The Past, Present and Future of Intestinal In Vitro Cell Systems for Drug Absorption Studies

J Pharm Sci. 2021 Jan;110(1):50-65. doi: 10.1016/j.xphs.2020.07.001. Epub 2020 Jul 3.


The intestinal epithelium acts as a selective barrier for the absorption of water, nutrients and orally administered drugs. To evaluate the gastrointestinal permeability of a candidate molecule, scientists and drug developers have a multitude of cell culture models at their disposal. Static transwell cultures constitute the most extensively characterized intestinal in vitro system and can accurately categorize molecules into low, intermediate and high permeability compounds. However, they lack key aspects of intestinal physiology, including the cellular complexity of the intestinal epithelium, flow, mechanical strain, or interactions with intestinal mucus and microbes. To emulate these features, a variety of different culture paradigms, including microfluidic chips, organoids and intestinal slice cultures have been developed. Here, we provide an updated overview of intestinal in vitro cell culture systems and critically review their suitability for drug absorption studies. The available data show that these advanced culture models offer impressive possibilities for emulating intestinal complexity. However, there is a paucity of systematic absorption studies and benchmarking data and it remains unclear whether the increase in model complexity and costs translates into improved drug permeability predictions. In the absence of such data, conventional static transwell cultures remain the current gold-standard paradigm for drug absorption studies.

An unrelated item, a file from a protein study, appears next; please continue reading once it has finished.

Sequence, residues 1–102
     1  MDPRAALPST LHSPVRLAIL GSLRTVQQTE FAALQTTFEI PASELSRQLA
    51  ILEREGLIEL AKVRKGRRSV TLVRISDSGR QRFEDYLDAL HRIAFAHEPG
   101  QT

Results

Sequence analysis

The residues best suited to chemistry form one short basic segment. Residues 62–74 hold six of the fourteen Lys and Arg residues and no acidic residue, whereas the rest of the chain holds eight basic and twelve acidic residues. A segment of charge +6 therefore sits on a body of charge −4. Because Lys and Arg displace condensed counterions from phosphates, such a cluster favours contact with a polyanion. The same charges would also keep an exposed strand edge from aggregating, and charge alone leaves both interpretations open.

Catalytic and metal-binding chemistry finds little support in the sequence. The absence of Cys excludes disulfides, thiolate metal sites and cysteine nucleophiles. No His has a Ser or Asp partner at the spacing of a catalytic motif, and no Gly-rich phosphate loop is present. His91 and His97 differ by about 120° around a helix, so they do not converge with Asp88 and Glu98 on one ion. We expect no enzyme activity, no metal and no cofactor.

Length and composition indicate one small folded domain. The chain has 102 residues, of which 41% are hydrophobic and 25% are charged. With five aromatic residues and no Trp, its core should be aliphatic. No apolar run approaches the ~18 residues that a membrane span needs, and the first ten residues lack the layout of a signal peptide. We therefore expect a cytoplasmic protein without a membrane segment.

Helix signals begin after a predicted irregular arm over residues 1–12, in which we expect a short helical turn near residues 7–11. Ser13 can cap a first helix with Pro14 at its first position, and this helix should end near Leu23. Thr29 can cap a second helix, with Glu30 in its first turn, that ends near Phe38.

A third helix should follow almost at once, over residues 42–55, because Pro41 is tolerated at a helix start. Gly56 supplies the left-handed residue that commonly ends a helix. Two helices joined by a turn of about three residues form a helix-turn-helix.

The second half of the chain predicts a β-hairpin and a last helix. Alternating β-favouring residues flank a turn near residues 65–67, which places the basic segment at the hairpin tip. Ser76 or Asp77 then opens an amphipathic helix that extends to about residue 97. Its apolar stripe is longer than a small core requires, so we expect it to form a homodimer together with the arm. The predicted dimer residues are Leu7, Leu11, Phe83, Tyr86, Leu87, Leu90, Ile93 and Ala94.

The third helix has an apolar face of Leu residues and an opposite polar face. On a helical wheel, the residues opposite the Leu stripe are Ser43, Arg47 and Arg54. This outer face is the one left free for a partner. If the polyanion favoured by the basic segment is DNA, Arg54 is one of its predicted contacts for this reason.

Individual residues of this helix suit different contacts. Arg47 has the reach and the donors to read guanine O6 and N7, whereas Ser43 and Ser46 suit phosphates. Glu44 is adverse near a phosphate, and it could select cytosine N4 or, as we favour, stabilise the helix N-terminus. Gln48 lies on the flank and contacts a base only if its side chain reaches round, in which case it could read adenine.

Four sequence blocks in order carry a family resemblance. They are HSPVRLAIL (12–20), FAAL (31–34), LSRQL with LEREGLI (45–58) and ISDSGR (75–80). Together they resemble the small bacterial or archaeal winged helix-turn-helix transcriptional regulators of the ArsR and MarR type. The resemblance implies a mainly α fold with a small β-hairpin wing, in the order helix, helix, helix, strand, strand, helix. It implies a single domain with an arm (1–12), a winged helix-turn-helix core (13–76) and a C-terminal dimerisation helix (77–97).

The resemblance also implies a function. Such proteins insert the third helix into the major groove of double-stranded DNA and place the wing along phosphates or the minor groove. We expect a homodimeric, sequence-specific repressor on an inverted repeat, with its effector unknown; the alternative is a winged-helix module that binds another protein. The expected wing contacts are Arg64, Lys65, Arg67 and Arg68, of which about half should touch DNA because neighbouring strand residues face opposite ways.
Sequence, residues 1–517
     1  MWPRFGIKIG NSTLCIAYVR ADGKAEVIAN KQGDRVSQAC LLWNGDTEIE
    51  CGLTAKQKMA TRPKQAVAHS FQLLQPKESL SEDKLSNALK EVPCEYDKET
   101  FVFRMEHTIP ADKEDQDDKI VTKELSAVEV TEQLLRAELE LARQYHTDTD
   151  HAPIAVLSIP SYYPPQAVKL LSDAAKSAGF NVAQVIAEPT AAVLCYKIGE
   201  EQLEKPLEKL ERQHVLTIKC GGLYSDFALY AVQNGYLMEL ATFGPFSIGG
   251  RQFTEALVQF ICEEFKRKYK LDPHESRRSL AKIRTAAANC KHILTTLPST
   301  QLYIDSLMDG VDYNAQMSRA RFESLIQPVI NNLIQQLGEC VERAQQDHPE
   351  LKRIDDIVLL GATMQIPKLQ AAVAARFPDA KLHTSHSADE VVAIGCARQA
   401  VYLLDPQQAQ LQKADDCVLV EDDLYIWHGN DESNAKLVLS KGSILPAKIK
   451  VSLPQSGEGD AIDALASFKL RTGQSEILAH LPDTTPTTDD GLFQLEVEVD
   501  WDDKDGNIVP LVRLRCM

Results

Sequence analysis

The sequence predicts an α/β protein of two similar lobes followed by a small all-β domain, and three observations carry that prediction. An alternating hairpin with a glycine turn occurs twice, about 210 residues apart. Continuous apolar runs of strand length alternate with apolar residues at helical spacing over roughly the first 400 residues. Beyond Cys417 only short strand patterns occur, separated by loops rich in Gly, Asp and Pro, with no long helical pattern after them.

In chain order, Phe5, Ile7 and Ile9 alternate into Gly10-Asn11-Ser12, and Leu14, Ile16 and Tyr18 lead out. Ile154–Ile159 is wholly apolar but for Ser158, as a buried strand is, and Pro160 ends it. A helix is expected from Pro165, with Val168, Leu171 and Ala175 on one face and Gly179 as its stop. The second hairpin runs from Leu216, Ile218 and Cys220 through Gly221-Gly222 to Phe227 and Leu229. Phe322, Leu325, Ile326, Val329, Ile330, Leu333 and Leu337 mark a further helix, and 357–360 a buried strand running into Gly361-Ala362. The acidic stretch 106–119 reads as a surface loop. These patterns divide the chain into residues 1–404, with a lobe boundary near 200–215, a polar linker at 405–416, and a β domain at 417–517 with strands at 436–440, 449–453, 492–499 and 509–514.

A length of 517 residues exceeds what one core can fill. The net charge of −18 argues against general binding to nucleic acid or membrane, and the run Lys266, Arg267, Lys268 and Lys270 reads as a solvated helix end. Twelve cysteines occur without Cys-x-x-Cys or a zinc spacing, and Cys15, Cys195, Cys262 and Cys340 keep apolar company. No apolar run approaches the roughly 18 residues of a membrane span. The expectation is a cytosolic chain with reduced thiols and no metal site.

Keywords: Bioavailability prediction; Drug permeability; Microfluidics; Microphysiological models; Organoids; Preclinical drug development.

Publication types

  • Research Support, Non-U.S. Gov't
  • Review

MeSH terms

  • Caco-2 Cells
  • Humans
  • Intestinal Absorption
  • Intestinal Mucosa* / metabolism
  • Intestines
  • Permeability
  • Pharmaceutical Preparations* / metabolism


  • Pharmaceutical Preparations